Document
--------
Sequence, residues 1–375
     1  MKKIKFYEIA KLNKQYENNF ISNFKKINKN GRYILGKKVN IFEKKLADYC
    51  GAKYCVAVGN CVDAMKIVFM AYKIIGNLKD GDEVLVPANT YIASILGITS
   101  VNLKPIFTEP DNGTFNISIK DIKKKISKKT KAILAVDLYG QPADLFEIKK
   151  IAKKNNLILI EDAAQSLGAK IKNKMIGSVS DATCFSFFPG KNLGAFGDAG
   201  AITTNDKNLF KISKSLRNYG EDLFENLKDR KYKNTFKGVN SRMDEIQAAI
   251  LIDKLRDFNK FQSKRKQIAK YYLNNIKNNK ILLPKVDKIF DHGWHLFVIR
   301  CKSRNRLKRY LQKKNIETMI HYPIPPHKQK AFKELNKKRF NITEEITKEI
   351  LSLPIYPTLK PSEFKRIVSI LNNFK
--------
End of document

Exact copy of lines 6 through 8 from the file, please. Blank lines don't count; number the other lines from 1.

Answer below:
   201  AITTNDKNLF KISKSLRNYG EDLFENLKDR KYKNTFKGVN SRMDEIQAAI
   251  LIDKLRDFNK FQSKRKQIAK YYLNNIKNNK ILLPKVDKIF DHGWHLFVIR
   301  CKSRNRLKRY LQKKNIETMI HYPIPPHKQK AFKELNKKRF NITEEITKEI